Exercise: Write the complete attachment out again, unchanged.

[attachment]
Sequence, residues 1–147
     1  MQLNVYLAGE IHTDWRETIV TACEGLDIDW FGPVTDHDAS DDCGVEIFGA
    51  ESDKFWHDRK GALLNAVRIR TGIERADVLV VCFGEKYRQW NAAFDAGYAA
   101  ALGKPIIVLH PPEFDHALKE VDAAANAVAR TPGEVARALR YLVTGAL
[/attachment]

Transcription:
Sequence, residues 1–147
     1  MQLNVYLAGE IHTDWRETIV TACEGLDIDW FGPVTDHDAS DDCGVEIFGA
    51  ESDKFWHDRK GALLNAVRIR TGIERADVLV VCFGEKYRQW NAAFDAGYAA
   101  ALGKPIIVLH PPEFDHALKE VDAAANAVAR TPGEVARALR YLVTGAL